Photo credit: visualpanic/Creative Commons
It may not be glamorous, but collecting an analyzing scat is one of the best ways conservationists can monitor and assess the health of individual animals and entire populations. Not only does the scat contain traces of toxins that indicate pollution levels in the habitat, it also contains hormones that provide insight into the animal's nutritional, immune, and reproductive health. Genetic analysis reveals even more and allows researchers to track specific individuals without trapping or tagging them.
The only problem is that scat is very hard for human researchers to find in the wild. Now, specially trained scat-sniffing dogs are lending their noses to make the process much simpler—and more productive.Sam Wasser, director of the Center for Conservation Biology at the University of Washington in Seattle, explained:
Dogs have such a phenomenal sense of smell...the power of this method is absolutely phenomenal.
The dogs—all of which were rescued from shelters—allow researchers to collect scat while keeping distance from the animals. This eliminates the stress tracking usually causes wild animals. Moreover, the dogs can be trained to detect any type of dung and have already been used to track pumas, jaguars, armadillos, foxes, and even whales.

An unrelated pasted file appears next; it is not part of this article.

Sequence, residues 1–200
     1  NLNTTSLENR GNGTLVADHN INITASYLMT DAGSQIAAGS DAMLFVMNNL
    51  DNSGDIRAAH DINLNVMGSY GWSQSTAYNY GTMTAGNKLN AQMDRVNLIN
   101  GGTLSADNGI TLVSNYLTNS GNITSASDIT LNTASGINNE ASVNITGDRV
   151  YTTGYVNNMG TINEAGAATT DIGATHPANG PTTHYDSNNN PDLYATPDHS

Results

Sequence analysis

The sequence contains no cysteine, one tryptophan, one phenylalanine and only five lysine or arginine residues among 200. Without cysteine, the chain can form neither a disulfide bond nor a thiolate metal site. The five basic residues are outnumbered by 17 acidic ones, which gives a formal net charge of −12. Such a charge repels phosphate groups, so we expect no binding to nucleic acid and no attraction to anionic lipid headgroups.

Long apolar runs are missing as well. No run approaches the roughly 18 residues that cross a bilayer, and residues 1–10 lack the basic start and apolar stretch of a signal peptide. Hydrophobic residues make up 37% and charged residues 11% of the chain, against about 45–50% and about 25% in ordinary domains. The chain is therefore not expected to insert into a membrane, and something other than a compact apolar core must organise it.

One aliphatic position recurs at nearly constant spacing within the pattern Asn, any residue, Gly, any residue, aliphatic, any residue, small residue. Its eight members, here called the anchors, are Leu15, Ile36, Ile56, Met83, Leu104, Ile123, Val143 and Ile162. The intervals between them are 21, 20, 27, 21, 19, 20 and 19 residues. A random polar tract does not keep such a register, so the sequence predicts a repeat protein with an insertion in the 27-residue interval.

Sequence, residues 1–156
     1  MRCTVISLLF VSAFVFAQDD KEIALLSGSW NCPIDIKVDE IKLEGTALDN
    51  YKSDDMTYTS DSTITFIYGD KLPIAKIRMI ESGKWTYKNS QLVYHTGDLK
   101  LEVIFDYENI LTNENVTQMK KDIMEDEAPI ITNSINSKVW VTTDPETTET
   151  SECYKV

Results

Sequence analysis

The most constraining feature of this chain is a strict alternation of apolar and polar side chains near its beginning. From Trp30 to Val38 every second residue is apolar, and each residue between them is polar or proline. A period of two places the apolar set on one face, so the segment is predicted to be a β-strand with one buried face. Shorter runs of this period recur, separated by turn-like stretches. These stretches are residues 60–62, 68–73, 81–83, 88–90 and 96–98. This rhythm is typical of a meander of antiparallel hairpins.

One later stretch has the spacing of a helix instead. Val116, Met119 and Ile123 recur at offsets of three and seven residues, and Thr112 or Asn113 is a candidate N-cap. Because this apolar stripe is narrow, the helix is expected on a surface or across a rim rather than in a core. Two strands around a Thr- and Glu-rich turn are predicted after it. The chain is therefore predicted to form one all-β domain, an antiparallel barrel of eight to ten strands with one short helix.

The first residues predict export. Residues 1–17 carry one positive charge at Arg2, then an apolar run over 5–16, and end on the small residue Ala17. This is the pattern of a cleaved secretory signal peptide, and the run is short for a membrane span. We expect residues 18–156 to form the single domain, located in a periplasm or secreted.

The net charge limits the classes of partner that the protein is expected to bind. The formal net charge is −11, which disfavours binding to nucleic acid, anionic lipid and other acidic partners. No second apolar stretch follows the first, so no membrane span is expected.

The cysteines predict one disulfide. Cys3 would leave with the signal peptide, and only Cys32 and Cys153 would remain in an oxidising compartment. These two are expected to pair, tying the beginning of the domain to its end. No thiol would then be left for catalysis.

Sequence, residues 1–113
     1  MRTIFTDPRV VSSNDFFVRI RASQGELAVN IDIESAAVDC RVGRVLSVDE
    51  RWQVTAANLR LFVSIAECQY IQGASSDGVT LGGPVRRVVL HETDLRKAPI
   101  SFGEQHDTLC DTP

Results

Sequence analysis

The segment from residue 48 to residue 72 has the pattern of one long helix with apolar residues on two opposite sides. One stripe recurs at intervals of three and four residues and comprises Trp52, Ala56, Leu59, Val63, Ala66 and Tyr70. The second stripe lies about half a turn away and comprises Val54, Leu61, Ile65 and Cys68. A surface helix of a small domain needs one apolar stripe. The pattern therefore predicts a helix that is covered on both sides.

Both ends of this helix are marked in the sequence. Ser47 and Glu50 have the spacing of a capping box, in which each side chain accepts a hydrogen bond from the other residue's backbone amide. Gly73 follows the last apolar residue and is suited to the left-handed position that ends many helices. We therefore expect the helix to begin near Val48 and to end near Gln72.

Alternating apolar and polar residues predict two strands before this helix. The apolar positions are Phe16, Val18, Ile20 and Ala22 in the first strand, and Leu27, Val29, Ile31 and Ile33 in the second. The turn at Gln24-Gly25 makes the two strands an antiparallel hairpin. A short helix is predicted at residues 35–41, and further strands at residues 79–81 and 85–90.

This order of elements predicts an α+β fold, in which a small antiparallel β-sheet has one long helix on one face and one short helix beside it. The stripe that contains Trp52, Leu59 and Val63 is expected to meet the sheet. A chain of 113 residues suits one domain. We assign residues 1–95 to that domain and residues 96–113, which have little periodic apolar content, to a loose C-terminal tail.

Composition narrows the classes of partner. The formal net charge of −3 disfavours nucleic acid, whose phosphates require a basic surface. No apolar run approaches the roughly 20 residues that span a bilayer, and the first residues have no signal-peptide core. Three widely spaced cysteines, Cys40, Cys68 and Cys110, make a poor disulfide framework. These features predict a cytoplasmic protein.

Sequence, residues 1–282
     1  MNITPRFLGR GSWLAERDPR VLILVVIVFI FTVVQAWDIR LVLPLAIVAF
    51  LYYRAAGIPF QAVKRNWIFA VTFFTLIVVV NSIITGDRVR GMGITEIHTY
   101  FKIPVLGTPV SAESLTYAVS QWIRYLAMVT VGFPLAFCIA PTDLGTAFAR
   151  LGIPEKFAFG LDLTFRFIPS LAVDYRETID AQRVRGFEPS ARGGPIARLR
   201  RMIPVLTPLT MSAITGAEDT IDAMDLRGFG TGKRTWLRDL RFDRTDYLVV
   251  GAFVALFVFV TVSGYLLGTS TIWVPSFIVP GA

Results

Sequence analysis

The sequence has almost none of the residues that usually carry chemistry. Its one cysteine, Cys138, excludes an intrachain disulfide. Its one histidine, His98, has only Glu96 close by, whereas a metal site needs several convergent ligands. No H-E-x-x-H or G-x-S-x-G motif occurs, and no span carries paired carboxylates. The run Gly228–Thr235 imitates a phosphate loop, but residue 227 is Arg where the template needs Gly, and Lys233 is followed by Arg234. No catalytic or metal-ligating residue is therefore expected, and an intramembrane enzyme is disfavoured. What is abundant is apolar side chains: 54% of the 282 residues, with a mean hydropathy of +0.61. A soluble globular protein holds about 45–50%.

For four years, dogs have sat atop the decks of research boats in Puget Sound, sniffing for killer whale droppings. In the past, collecting them required a boat to follow a whale for an extended period of time, causing considerable stress. With the dogs, things are completely different. "Often when we're out sampling we don't see the animal at all," Wasser said, "it's really minimizing the amount of stress [researchers] put on the animal."
And the dog's skills don't end with tracking animal scat on land and sea. Already, the dogs have been used to find owl pellets, endangered plants, and invasive species. Regardless of their query, all the dogs are trained the same way. In the end, the system becomes something of a game for the dogs—when they perform a specific task they are rewarded with play time with their favorite toy.
For researchers, however, it's more than a game—it's a valuable new tool that helps them better monitor and understand the natural world.